いたい (Itai) – Painful

むり (Muridayo) impossible

さみしい (Samishī) –Lonely

暗い (kurai) unhappy

あぶない (abunai) – dangerous

When it comes to (i) adjectives it should be noted that one should always remove the い at the end of the word and replace it with くない in order to negatively conjugate it. After adding くない the (i) adjective remains the same and functions the same way as any other (i) adjective. However, when placing the くない adjective at the end of a sentence it is used to denote a more casual tone. For formal settings, one removes くない and uses くありません at the end of a sentence instead.

The “na” Adjectives in Japanese

Thankfully although Japanese can be complex, understanding the na adjective is actually quite simple. This adjective form acts as a noun. The conjugation rules for nouns and na adjectives follow the same rules which makes it easier to remember. Another helpful tip to bear in mind would be that an easy way to identify (na) adjectives would be to simply check if they end with い, bearing a few exceptions, all adjectives without い would be considered (na) adjectives. Exceptions to this rule would be “beautiful” (きれい), hate (きらい), and “grateful/happy” (さいわい). All of these may look like い adjectives but they conjugate to (na) adjectives. The difference one should be aware of between na adjectives and nouns is that na adjectives can modify a noun by placing な between the adjective and the noun.好すき (Okiniiri)- Like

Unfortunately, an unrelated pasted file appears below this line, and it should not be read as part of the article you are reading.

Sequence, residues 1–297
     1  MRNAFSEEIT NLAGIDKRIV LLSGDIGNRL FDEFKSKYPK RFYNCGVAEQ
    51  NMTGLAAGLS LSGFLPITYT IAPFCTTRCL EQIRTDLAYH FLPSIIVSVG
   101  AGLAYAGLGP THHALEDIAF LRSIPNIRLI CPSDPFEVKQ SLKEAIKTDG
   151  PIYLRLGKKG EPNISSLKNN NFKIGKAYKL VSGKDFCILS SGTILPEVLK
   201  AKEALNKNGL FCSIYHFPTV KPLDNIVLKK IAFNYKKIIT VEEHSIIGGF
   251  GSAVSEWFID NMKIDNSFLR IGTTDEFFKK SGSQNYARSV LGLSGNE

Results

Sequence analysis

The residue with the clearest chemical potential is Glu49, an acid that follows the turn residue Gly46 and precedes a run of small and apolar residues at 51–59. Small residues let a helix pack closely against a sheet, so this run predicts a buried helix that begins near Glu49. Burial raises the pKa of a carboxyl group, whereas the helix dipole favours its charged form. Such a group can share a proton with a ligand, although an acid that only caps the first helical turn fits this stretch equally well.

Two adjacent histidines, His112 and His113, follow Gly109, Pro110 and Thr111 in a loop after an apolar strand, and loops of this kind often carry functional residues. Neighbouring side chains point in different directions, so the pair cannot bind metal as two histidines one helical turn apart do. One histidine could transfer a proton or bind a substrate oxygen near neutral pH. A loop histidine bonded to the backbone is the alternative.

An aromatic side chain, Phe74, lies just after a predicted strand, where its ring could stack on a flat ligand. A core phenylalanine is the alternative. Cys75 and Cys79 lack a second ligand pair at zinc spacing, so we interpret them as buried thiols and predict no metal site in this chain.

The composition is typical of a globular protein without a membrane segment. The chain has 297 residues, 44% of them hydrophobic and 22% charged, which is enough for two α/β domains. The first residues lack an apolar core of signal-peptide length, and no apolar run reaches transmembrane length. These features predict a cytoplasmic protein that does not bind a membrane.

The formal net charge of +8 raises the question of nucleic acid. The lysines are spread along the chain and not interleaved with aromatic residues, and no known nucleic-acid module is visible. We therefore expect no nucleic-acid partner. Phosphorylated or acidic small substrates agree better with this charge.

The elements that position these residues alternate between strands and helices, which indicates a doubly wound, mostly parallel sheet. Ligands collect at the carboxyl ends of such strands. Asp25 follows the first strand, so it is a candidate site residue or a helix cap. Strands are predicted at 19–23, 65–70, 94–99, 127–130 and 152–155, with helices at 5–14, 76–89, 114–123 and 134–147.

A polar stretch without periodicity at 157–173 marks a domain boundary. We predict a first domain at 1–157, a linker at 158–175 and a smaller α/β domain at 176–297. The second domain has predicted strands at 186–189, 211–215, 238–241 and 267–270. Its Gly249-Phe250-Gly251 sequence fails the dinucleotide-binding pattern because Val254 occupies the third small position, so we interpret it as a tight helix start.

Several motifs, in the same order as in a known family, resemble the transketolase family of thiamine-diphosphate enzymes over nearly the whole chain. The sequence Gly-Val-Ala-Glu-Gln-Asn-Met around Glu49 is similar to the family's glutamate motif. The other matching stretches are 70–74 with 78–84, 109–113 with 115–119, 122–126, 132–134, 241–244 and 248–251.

有名 (Yūmei)- famous

静しずか (Shizukana) –Quiet

静しずか (Benri) – Convenient

大切 (Kichō) –important/ Precious

上手 (Takumina) – Skilful

下手 (Heta) – Unskilful

必要 (Hitsuyō) – Necessary

立派りっ (Subarashī) – Splendid

まじめ (Shinkoku) – Serious

人 (Hito) –Person

きれい (Kawaī) –Pretty

とも・だち (Tomodachi) – Friend

嫌い (Kirai) –Hate